The Magic of Seven: At What Age Did You Learn to Craft?

Historically, and often out of necessity, children were taught to spin, knit, weave, and do other forms of needlework at a young age. How old were you when you first took needle and yarn in hand?

Linda Ligon Mar 8, 2023 - 4 min read

The Magic of Seven: At What Age Did You Learn to Craft? Primary Image

Children from northeastern Laos in Huaphon Province displaying their weaving samples. Photos courtesy of Thrums Books

Everywhere I’ve traveled—Peru, Guatemala, Mexico, Morocco, Afghanistan, Laos, China—I’ve asked the same question. “Who taught you to do your craft, and at what age did you start?” The answers are so consistent. The teacher was a mother or grandmother, and the age was seven.

I remember turning seven and suddenly having a sense of myself as a person, having agency. I think it’s just human—baked into typical childhood development. You get better hand dexterity, you get a longer attention span, you get a sense that you can do some things that the grownups can do. You are ripe for learning more demanding skills.

If you had been a poor child in preindustrial England or the United States, age seven is when you might have been sent to the textile mills. If you’re a village girl in the Andean highlands, at seven you can spin a decent yarn, and by the time you are eight, weave a narrow band on a backstrap loom.

The most impressive example of the magic of seven that I’ve seen was in northeastern Laos in Huaphon Province. Almost every family in the rural villages has one or more working looms in the shady area under their homes. Many raise and reel their own silk and dye their own yarn. Younger kids can participate in these activities. But the weaving! The looms are complex, and the patterning is fine and intricate. There, young girls begin by weaving “love tokens,” small practice pieces about 7 by 9 inches. They use traditional patterns and the same materials as the adults, and the exercise is not “dumbed down” in any way. Once they can weave a good love token—accurate patterning, consistent beat—they can go on to a full sash or scarf or whatever they please. Just look at the children in the photo above, posing with their love tokens while their proud mothers and grandmothers look on. By the time they are in their early teens, they might be earning significant income with their weaving—enough to take them away to school and a day job in the city (a path that many aspire to).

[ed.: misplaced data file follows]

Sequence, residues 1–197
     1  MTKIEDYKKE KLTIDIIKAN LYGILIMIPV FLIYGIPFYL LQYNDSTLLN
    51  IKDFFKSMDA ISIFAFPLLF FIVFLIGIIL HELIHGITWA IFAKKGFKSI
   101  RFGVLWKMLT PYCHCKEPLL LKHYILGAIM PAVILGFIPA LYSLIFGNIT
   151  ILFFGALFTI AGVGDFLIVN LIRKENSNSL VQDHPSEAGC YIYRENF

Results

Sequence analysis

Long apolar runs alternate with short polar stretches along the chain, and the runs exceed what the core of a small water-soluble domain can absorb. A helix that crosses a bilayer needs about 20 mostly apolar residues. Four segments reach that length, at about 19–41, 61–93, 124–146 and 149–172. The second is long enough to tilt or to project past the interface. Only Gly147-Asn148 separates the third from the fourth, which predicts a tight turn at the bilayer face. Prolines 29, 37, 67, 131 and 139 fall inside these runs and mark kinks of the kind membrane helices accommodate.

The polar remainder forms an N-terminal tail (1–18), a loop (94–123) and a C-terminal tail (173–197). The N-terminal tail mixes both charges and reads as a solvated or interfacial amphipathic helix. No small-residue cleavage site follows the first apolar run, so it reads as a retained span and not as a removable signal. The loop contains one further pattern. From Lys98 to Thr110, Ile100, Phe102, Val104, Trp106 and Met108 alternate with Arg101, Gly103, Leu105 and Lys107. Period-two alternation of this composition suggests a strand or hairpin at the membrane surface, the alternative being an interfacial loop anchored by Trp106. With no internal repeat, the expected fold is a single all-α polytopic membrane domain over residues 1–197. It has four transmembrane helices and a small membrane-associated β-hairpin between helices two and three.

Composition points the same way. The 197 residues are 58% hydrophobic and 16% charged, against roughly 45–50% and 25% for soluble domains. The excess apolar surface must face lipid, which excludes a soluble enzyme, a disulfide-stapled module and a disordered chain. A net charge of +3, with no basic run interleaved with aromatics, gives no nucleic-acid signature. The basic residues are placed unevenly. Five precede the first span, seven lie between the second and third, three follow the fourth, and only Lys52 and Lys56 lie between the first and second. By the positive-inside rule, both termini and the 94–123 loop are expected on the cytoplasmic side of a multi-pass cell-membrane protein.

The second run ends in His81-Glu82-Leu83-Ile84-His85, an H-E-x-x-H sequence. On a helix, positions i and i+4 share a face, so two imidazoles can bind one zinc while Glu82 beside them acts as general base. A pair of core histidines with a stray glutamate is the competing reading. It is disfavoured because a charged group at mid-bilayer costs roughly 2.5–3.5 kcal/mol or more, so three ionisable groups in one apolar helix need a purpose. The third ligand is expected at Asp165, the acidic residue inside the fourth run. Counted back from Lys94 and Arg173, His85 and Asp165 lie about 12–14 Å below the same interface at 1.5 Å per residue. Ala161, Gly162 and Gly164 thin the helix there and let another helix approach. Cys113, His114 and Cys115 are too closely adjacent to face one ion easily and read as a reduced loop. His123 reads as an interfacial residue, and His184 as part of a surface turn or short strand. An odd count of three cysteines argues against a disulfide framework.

Laos-Silk-WeavingAn example of silk weaving from Laos

I compare their work to my own efforts at age seven: a cross-stitched “Home Sweet Home” with a rather crude printed, not charted and counted, pattern and a doll-size scarf knitted on size 10 needles. It was a start. I wonder if the expectations had been higher, would I have been able to do more challenging work?

My granddaughters are really skilled with their thumbs on their phones. They enjoy various needlecrafts, too, but it’s different—they don’t see them as a portal into adulthood. I like to think that the lessons they’ve learned from me and from their mothers will be of use someday, though. Maybe they’ll knit some socks or hem a tea towel. I think it will give them pleasure, connect them to the past. Different kinds of love tokens.

Linda Ligon is a co-founder of Long Thread Media.

Read more about the weaving traditions of Laos in Silk Weavers of Hill Tribe Laos: Textiles, Tradition, and Well-Being.

Originally published August 8, 2020; updated March 8, 2023.